Time Waveform Analysis

by William T. Pryor III


The basic concepts necessary to begin using the time waveform for analysis will be presented. This presentation will be directed toward the analyst who is just beginning to use the time waveform as a diagnostic tool. This paper will present basic waveform terminology, data acquisition considerations, and introduction to diagnostics utilizing the waveform. Diagnostics will include measurement of level, frequency, shape, phase, and comparative measurements. Waveform data will be presented along with spectral data where appropriate.


How is the time waveform used for analysis? How do I interpret the time waveform? Where can I go to get information on waveform analysis? Are there any courses on time waveform analysis? These questions continue to be some of the most commonly asked in the vibration analysis community and not just from individuals who are new to the field. There are many experienced analysts who do not use the time waveform as part of their day to day analysis and there are those who do not even collect it as part of their PdM program. Some analysts only consider collecting the waveform as part of “advanced troubleshooting”. This is especially interesting considering that everything we use for machinery analysis starts with the time waveform.

Overall level, spectrum, and phase are all derived from waveform processing, so why is it that the waveform is not one of our primary diagnostic tools? The most likely answer is that the analyst cannot go directly to a chart, table, cheat sheet, or use some rule of thumb to get an answer in 10 seconds or less. But is the quick answer always right? Do we have all the information we need to fully assess the situation and condition? If we are paying attention, we soon find out that we are not seeing a complete picture if we are only using these tools. As a result it becomes apparent that we need something else to help answer our questions or at least improve on our best guess. In many cases this missing piece of information can be found in time waveform evaluation.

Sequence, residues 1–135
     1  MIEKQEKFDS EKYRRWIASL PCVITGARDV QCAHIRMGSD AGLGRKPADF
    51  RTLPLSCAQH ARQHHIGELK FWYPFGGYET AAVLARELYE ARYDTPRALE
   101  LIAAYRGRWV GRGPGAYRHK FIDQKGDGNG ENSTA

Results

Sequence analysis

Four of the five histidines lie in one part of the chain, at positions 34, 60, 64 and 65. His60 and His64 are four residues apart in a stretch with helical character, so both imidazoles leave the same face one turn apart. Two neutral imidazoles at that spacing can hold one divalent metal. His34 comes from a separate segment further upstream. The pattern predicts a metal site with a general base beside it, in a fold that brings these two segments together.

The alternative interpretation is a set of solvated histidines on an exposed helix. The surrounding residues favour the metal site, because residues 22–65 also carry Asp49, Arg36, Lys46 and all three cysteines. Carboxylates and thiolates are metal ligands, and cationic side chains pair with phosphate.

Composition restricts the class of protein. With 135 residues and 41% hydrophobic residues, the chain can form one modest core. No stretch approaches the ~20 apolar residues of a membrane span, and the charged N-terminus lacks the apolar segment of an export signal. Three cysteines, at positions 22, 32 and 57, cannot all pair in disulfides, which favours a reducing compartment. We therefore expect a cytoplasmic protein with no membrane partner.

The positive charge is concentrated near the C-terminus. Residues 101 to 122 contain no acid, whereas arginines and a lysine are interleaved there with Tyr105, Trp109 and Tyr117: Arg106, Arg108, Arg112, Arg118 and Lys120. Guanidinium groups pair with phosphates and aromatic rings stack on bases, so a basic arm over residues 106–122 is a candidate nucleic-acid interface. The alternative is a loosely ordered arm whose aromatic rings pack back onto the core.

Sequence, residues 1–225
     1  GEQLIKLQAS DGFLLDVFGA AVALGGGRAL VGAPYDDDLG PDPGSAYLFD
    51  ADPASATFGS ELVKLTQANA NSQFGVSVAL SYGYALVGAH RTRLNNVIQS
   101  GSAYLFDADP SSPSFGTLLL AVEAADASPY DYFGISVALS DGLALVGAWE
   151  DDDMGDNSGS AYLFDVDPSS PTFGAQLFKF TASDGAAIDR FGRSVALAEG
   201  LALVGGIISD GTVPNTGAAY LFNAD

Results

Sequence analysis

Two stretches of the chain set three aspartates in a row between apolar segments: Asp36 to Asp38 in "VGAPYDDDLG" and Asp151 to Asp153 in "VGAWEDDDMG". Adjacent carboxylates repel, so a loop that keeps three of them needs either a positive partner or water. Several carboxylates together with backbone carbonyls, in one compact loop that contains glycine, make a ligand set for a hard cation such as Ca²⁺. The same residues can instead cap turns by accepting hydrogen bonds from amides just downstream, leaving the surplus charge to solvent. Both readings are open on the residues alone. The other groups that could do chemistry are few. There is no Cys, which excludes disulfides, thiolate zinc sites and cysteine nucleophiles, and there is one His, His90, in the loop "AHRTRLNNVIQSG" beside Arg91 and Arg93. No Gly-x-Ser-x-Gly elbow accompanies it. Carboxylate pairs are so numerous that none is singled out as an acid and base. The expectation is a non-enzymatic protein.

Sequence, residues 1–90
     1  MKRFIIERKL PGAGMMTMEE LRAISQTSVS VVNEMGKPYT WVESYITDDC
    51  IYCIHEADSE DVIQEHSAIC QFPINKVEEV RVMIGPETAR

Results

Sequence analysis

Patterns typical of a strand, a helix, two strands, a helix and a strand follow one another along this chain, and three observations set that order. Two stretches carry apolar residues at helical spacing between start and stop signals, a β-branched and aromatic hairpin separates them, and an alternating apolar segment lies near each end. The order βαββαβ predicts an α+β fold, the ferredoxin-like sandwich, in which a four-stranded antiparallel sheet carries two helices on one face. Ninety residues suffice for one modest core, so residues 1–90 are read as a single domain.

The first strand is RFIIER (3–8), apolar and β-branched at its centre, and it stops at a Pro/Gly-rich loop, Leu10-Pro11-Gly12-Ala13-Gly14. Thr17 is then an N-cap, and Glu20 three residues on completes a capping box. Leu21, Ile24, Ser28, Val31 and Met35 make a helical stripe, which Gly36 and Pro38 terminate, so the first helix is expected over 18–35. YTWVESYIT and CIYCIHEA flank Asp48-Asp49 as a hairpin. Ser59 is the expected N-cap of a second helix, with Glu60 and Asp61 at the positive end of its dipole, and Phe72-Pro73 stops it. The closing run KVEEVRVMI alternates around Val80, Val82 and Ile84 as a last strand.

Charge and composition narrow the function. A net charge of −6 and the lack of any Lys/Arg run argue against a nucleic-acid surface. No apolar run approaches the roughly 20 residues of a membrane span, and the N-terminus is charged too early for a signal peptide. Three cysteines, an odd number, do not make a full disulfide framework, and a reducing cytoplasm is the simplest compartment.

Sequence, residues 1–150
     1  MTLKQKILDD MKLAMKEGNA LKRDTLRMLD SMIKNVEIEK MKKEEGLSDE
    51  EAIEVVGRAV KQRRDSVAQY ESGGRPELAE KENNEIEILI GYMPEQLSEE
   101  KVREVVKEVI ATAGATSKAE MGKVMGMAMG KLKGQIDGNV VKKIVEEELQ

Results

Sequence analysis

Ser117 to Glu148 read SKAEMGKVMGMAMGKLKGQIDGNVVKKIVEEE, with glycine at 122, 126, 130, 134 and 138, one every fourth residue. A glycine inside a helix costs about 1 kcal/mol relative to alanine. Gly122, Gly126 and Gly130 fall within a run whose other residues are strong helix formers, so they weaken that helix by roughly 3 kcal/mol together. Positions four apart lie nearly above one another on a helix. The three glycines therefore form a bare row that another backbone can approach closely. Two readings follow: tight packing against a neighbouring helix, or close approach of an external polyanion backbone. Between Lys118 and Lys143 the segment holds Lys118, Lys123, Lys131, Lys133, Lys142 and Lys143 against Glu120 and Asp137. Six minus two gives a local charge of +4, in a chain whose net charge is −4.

As in every aspect of vibration analysis we find that we cannot use just one tool to measure, analyze, and solve every machinery malfunction. We need to utilize different transducers, different data collection devices, different analysis techniques, and presentations based on the malfunction or condition being evaluated. For this paper we will concentrate on steady state analysis utilizing a hand held data collection device. However the techniques discussed can be applied to other digital collection devices as well.

For steady state analysis the 4 primary diagnostic tools we have using a data collector are:

1) Overall Level
2) Frequency Analysis
3) Waveform Analysis
4) Phase

What happens in many cases is that the beginning analyst gets their initial (sometimes final) vibration analysis training as part of the PdM software and data collector purchase. In most cases this introduction deals with level and frequency of common machinery malfunctions. Phase may be discussed as part of balancing but not discussed as a diagnostic tool.”

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